Re: [PATCH v2] userns: Disallow setgroups unless the gid_map writer is privileged

From: Andy Lutomirski
Date: Tue Dec 02 2014 - 15:13:59 EST

On Tue, Dec 2, 2014 at 11:45 AM, Eric W. Biederman
<ebiederm@xxxxxxxxxxxx> wrote:
> Andy Lutomirski <luto@xxxxxxxxxxxxxx> writes:
>> On Tue, Dec 2, 2014 at 4:09 AM, Eric W. Biederman <ebiederm@xxxxxxxxxxxx> wrote:
>>> Andy Lutomirski <luto@xxxxxxxxxxxxxx> writes:
>>>> Classic unix permission checks have an interesting feature. The
>>>> group permissions for a file can be set to less than the other
>>>> permissions on a file. Occasionally this is used deliberately to
>>>> give a certain group of users fewer permissions than the default.
>>>> User namespaces break this usage. Groups set in rgid or egid are
>>>> unaffected because an unprivileged user namespace creator can only
>>>> map a single group, so setresgid inside and outside the namespace
>>>> have the same effect. However, an unprivileged user namespace
>>>> creator can currently use setgroups(2) to drop all supplementary
>>>> groups, so, if a supplementary group denies access to some resource,
>>>> user namespaces can be used to bypass that restriction.
>>>> To fix this issue, this introduces a new user namespace flag
>>>> USERNS_SETGROUPS_ALLOWED. If that flag is not set, then
>>>> setgroups(2) will fail regardless of the caller's capabilities.
>>>> USERNS_SETGROUPS_ALLOWED is cleared in a new user namespace. By
>>>> default, if the writer of gid_map has CAP_SETGID in the parent
>>>> userns and the parent userns has USERNS_SETGROUPS_ALLOWED, then the
>>>> USERNS_SETGROUPS_ALLOWED will be set in the child. If the writer is
>>>> not so privileged, then writing to gid_map will fail unless the
>>>> writer adds "setgroups deny" to gid_map, in which case the check is
>>>> skipped but USERNS_SETGROUPS_ALLOWED will remain cleared.
>>>> The full semantics are:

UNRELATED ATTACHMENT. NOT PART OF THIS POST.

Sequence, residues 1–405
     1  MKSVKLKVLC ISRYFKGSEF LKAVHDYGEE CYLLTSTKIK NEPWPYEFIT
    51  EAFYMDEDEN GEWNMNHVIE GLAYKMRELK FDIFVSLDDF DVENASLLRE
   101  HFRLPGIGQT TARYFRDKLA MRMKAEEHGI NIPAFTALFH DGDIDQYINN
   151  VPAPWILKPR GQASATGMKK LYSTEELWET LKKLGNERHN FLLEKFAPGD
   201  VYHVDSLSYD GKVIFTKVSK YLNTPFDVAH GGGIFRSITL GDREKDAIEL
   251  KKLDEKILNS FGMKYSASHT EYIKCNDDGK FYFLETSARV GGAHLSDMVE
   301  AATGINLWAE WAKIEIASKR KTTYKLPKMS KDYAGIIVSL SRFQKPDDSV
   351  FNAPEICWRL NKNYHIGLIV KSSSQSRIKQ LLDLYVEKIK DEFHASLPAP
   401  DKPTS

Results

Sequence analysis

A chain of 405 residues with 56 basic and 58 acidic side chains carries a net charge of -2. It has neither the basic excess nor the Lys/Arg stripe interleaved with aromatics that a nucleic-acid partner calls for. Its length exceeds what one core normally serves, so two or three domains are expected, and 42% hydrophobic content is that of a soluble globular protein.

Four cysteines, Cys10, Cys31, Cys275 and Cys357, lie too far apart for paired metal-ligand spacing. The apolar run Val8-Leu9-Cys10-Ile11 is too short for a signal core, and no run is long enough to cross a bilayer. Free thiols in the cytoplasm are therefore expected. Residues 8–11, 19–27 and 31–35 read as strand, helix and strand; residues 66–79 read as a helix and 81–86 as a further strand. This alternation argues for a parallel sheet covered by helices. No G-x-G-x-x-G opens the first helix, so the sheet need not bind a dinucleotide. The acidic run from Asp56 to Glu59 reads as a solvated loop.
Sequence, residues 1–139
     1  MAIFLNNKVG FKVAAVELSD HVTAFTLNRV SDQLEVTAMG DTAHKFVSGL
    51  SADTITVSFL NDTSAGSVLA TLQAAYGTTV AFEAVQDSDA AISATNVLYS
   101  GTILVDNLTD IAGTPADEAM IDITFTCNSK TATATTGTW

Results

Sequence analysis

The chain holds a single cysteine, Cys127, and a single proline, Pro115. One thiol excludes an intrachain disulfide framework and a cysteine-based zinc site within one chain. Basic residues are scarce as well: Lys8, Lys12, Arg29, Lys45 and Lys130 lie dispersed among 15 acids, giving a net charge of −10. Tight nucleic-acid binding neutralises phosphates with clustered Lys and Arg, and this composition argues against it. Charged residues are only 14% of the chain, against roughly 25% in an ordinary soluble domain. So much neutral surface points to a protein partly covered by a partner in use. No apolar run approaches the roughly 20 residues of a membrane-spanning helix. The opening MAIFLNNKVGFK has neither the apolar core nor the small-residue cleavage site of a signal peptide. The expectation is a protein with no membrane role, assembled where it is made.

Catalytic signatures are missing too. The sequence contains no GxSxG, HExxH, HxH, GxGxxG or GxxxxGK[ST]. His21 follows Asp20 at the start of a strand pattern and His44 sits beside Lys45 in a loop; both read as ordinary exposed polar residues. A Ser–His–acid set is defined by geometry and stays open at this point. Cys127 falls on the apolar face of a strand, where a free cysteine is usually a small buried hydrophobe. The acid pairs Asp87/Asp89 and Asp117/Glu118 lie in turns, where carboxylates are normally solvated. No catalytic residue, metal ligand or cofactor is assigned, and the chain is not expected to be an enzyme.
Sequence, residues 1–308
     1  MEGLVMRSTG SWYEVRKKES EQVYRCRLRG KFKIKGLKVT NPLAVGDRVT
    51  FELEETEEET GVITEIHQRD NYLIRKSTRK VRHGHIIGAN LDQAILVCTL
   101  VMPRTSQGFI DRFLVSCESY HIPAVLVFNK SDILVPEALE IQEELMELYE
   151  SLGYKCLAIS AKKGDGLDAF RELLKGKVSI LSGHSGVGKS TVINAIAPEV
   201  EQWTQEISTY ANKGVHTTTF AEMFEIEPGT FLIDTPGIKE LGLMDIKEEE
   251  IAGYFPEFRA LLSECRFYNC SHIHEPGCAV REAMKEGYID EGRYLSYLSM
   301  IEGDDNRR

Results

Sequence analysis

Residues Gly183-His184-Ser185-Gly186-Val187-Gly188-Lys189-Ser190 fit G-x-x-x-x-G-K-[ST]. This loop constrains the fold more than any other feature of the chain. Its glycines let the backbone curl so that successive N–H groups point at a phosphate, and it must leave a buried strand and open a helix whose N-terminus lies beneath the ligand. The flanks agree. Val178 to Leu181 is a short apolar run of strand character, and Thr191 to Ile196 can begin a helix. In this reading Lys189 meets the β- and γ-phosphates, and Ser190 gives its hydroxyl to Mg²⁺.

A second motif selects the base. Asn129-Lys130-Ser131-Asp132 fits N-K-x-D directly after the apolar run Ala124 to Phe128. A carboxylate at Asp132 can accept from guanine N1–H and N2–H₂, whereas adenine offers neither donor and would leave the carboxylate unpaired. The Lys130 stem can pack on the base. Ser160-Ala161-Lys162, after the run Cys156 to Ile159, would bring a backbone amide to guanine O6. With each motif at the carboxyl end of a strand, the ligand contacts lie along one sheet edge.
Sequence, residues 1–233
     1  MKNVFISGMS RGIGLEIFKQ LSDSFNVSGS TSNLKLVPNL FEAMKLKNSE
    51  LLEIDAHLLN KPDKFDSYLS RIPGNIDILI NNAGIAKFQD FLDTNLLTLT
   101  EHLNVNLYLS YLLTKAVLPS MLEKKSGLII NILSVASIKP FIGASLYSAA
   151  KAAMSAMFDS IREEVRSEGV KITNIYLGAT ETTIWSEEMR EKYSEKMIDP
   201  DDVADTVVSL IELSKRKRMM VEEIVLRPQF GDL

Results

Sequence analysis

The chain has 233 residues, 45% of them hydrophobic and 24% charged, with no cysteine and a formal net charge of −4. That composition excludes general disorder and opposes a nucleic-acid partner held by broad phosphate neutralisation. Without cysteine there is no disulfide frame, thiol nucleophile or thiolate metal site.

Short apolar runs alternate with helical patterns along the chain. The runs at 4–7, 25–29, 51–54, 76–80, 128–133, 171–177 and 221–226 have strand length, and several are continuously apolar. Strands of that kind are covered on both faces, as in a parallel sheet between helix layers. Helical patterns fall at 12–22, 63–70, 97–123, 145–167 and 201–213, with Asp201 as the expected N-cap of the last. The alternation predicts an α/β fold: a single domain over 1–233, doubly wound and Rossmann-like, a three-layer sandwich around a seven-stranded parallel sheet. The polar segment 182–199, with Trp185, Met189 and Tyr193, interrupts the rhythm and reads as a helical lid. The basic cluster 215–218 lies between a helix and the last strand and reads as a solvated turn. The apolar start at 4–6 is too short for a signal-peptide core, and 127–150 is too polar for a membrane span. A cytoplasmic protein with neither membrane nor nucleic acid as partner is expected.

>>>> If "setgroups allow" is present or no explicit "setgroups" setting
>>>> is written to gid_map, then writing to gid_map will fail with -EPERM
>>>> unless the opener and writer have CAP_SETGID in the parent namespace
>>>> and the parent namespace has USERNS_SETGROUPS_ALLOWED.
>>>> If "setgroups deny" is present, then writing gid_map will work as
>>>> before, but USERNS_SETGROUPS_ALLOWED will remain cleared. This will
>>>> result in processes in the userns that have CAP_SETGID to be
>>>> nontheless unable to use setgroups(2). If this breaks something
>>>> inside the userns, then this is okay -- the userns creator
>>>> specifically requested this behavior.
>>> I think we need to do this but I also think setgroups allow/deny
>>> should be a separate knob than the uid/gid mapping.
>> Yeah. It should be readable, too.
>>> If for no other reason than you missed at least two implementations of
>>> setgroups, in your implementation.
>> I clearly didn't grep hard enough. Grr.
>>>> While it could be safe to set USERNS_SETGROUPS_ALLOWED if the user
>>>> namespace creator has no supplementary groups, doing so could be
>>>> surprising and could have unpleasant interactions with setns(2).
>>>> Any application that uses newgidmap(1) should be unaffected by this
>>>> fix, but unprivileged users that create user namespaces to
>>>> manipulate mounts or sandbox themselves will break until they start
>>>> using "setgroups deny".
>>>> This should fix CVE-2014-8989.
>>>> Cc: stable@xxxxxxxxxxxxxxx
>>>> Signed-off-by: Andy Lutomirski <luto@xxxxxxxxxxxxxx>
>>>> ---
>>>> Unlike v1, this *will* break things like Sandstorm. Fixing them will be
>>>> easy. I agree that this will result in better long-term semantics, but
>>>> I'm not so happy about breaking working software.